Back when the Democrat and Chronicle introduced a revamped Web site with lots of new social media tools back in 2008, I found idea of participating in online discussion about community and national issues really intriguing. I became active, for a while, in the online forums that were a part of the new site.

Now, joining in these online conversations isn't for the thin-skinned or faint-of-heart. Most of the participants are anonymous, and hide behind that cloak to make rude, insulting comments about other participants with whom they disagree. I won't even use the word "discussion" to describe what goes on there because to me, that word implies respectful give-and-take with the goal of reaching common ground, or at least a civil conclusion about agreeing to disagree. NOTHING about the exchanges in most of the D&C's most active forums is respectful, civil or directed at finding common ground.

I was posting under my real name, with a photo, so the insults could be (and were) directed at me by name. I'm not particularly thin-skinned, so the rough-and-tumble nature and even the insults didn't really bother me. And I tried really hard to cultivate civility. I never returned fire with the insults, and tried to encourage other participants toward more respectful behavior. To absolutely no avail.

After swimming upstream against this I eventually got tired of it, and stopped participating. I still look back in occasionally, and the same rude individuals are at it. I guess they find it fun; I found it crashingly boring to watch people hurl insults rather than try to engage in civil discussion.

Which brings me to a recent column by Columbus (Ohio) Dispatch editor Benjamin Marrison. He notes that anonymity seems to be at the root of the problem with uncivil discourse in newspaper forums. His column was a follow-up to an earlier column in which he'd asked for feedback about the paper's coverage of Haiti. He reported that among those who chose to give comment via e-mail "None of [them] were mean-spirited (even the two who disagreed). Is it a coincidence that all of those civil people are reachable (and somewhat accountable) through a return e-mail?"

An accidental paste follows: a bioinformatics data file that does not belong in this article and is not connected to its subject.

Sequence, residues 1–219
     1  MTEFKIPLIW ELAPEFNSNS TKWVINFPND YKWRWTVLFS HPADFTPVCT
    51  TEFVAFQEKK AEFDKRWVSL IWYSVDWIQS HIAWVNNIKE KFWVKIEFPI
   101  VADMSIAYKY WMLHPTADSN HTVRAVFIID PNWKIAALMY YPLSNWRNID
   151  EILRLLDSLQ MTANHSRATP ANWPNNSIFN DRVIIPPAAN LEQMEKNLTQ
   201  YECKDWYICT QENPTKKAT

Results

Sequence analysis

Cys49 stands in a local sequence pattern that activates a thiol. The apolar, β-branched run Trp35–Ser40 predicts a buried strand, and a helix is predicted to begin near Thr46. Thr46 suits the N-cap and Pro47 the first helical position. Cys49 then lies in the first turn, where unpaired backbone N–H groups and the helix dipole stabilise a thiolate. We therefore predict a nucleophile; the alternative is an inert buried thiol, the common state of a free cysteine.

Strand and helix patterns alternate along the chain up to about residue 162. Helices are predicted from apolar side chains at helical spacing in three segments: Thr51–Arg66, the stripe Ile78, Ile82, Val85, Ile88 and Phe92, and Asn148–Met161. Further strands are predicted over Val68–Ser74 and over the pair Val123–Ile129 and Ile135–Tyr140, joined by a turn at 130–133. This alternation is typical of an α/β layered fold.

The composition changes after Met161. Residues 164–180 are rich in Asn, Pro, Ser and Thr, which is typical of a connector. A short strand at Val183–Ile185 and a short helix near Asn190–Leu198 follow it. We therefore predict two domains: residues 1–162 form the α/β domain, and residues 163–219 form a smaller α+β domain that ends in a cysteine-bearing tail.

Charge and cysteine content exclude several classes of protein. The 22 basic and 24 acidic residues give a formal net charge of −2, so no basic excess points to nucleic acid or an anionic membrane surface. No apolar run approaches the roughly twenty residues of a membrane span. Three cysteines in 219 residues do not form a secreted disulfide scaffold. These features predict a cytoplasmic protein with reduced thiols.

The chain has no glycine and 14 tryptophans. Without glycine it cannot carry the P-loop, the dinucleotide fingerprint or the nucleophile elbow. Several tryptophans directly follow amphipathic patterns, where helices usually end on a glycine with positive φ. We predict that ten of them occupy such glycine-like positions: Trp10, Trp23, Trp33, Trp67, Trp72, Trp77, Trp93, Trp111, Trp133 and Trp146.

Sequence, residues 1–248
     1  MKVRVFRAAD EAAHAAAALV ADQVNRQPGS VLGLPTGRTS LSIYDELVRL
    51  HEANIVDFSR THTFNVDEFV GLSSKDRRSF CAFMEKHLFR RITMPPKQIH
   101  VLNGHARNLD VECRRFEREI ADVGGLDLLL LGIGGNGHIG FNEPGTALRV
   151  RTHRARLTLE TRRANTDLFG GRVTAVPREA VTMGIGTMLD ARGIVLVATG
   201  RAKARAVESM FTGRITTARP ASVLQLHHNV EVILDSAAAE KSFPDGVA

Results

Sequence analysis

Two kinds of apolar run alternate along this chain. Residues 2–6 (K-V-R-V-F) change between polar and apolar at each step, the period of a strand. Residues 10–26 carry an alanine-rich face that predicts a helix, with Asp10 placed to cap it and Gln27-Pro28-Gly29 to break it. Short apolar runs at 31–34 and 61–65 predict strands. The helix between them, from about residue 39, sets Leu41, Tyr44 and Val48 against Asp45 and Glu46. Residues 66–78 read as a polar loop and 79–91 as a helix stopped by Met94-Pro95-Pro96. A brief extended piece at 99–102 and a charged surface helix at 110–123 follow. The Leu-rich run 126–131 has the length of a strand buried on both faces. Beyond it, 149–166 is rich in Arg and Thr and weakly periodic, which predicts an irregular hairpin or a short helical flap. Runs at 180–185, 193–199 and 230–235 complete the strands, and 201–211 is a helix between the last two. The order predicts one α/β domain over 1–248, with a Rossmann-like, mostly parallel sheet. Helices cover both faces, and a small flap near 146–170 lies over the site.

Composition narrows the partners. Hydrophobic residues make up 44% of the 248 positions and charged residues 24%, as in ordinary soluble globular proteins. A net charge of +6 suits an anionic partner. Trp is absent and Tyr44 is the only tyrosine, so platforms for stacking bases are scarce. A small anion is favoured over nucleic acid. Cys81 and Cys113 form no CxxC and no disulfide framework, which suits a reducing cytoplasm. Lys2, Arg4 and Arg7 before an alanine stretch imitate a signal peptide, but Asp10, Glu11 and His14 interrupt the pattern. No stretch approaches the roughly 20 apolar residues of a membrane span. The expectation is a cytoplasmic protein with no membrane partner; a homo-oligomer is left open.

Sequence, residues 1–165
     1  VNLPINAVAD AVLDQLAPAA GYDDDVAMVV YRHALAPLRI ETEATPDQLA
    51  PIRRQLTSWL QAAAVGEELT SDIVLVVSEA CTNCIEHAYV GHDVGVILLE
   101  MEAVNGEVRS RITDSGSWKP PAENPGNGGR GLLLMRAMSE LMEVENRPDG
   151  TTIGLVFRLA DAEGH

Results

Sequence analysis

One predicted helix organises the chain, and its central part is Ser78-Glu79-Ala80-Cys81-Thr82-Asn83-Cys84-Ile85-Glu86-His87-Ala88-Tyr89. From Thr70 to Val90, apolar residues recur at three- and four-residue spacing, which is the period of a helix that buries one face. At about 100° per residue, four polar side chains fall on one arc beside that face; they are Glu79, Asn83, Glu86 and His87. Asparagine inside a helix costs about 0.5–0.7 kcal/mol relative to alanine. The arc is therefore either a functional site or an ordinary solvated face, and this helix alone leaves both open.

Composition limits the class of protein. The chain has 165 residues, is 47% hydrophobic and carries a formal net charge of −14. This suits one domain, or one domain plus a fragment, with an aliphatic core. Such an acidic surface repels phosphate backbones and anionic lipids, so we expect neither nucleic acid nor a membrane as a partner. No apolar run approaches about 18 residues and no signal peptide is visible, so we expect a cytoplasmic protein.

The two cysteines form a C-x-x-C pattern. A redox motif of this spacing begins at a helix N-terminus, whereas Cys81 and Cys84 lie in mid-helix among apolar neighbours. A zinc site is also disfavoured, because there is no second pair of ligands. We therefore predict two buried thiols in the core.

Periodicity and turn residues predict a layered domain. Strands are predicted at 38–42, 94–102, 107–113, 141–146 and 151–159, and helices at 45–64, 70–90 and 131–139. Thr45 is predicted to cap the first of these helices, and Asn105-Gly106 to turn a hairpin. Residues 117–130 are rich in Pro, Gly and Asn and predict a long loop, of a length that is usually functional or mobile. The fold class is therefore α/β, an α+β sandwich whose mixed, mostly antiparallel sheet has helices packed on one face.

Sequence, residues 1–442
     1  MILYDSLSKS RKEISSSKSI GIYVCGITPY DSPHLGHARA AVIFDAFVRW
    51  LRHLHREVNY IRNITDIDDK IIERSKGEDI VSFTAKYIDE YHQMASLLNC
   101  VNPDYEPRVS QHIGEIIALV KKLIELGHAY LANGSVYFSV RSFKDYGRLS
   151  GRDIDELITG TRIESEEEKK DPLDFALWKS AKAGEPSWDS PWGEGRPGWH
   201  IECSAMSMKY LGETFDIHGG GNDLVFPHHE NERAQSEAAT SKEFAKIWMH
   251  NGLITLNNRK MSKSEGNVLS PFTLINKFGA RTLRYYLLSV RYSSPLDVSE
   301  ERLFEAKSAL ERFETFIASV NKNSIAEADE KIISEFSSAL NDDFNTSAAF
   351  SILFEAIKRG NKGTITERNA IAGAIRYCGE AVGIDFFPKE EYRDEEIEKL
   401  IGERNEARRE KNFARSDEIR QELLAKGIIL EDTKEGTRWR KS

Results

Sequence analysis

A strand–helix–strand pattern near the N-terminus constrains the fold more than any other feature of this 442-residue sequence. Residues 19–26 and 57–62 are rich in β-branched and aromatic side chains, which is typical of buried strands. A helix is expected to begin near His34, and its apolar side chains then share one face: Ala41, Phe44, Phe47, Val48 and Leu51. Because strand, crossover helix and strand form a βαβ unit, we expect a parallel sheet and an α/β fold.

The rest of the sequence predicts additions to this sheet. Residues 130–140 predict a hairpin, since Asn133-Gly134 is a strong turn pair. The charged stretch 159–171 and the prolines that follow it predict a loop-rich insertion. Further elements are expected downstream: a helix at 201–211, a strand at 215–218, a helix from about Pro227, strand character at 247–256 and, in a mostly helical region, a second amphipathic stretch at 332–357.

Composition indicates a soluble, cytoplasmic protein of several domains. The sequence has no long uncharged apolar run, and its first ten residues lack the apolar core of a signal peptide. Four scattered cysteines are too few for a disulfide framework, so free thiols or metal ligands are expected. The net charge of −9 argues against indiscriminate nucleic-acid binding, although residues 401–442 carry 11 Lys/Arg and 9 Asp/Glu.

On the other side: "Of the 20 anonymous comments attached online to the column asking for feedback on earthquake coverage, most were negative. Several comments devolved to personal attacks, both on me and those readers who said anything positive"

And when he asked for comments about the comment feature itself, "Dozens said the online comments are so vitriolic and mean-spirited that they have stopped reading them. Many said it appears that the online comment option -- aimed at providing a community forum to discuss stories and issues important to central Ohio -- devolves so quickly into name-calling and hate-mongering that it's not worth their time."

The italics there are mine, not Marrison's. I emphasized those passages to raise the point that it appears I'm not the only person who'd like to have a civil discussion online but finds it a waste of time when the dominant ethos is anonymous name-calling. It appears if newspapers really want their story-comment sections and open forums to be places where productive discourse can occur, they will need to get rid of the anonymity.